It’s become an annual ritual; the world’s rich and powerful are jetting to Davos for the World Economic Forum.
The crowd is highly exclusive; politicians, millionaires, royalty and the odd movie-star or singer.
This year – and for the first time since the outbreak of the financial crisis – many observers say decision makers are not in crisis-fighting mode.
For the time being at least, the Eurozone debt crisis appears to be in check and the United States has been able to avert the ’Fiscal Cliff’ that got journalists so juiced up at the end of 2012.
Meanwhile, emerging markets continue to provide much of the growth in the global economy, albeit tempered by continued weakness in their Western export markets.
That being said, there will be plenty to reflect on for participants when it comes to the future course of global business and the world economy.
In a recent pre-Davos briefing in Paris, the founder of the World Economic Forum Klaus Schwab said: ”The more trouble there is in the world, the higher the interest in Davos.”
Will Europe get its ducks in a row in the longer term? Will the United States find a way to reduce its runaway debt? Could anything come in the way of China’s continued economic rise?
The theme of the annual meetings is meant to reflect those questions. The World Economic Forum wants the enigmatic ”Resilient Dynamism” to act like a guiding light.
As almost every year, journalists have been engaged in plenty of head scratching as they try to figure out what is actually intended by those words.
Klaus Schwab says he wants to re-establish confidence, to stimulate investment, and to work out how to make the global economy tick over in the longer term.
”If we had introduced a resilient financial system before 2007 then the financial crisis would not have happened”, Schwab said.
Around 700 chief executives will be attending the annual meetings alongside some 40 prime ministers and heads of state. There will also be a fair amount of journalists.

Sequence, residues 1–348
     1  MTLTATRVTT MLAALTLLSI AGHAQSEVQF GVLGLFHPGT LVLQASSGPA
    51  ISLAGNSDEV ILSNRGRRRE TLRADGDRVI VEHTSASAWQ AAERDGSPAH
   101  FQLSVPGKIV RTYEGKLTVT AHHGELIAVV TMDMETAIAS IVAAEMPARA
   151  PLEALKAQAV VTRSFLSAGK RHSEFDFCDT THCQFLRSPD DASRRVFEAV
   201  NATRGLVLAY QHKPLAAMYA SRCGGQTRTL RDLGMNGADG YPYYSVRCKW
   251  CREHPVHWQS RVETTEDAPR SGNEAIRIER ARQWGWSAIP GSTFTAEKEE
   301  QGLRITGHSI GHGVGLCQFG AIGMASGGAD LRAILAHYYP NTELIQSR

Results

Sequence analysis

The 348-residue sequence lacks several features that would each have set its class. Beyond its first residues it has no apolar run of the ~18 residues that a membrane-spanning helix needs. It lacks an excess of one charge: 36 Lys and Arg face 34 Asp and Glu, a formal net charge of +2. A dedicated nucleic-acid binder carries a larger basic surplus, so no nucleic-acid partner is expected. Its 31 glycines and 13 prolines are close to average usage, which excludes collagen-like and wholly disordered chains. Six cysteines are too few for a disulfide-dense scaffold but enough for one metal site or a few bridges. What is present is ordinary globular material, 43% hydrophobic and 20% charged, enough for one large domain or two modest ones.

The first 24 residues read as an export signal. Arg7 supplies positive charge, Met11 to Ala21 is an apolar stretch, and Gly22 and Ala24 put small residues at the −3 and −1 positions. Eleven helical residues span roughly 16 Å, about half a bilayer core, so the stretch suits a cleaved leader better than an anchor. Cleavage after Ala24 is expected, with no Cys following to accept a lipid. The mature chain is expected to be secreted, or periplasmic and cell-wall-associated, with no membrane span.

Some participants have travelled thousands of miles and some of the businessmen and women have paid a healthy sum to attend.
”In the next 2-3 days I will have meetings with the chief executives and marketing directors of our 10 biggest customers […] In 24-48 hours I can have a string of meetings that otherwise would have taken 6 months ”, says David Jones, the chief executive of advertising group Havas.
The World Economic Forum has its critics, and this year is no exception. The Davos event is labelled as elitist and as a place where powerful people go to carve up the world with little or no scrutiny.
To counter the "rich man’s club" image, the World Economic Forum invites organisations like Amnesty International and Oxfam to take part in the debate.
”It’s a multi-stakeholder environment - you have labour leaders, faith leaders, academic leaders” says Lee Howell, the Managing Director of the World Economic Forum.
No major decisions will have been taken at the end of the week in Davos, at least none we know about. There won’t be an all-encompassing final communique either.
What the world can expect is an exchange of ideas that may or may not result in tangible action and the pay off could take time.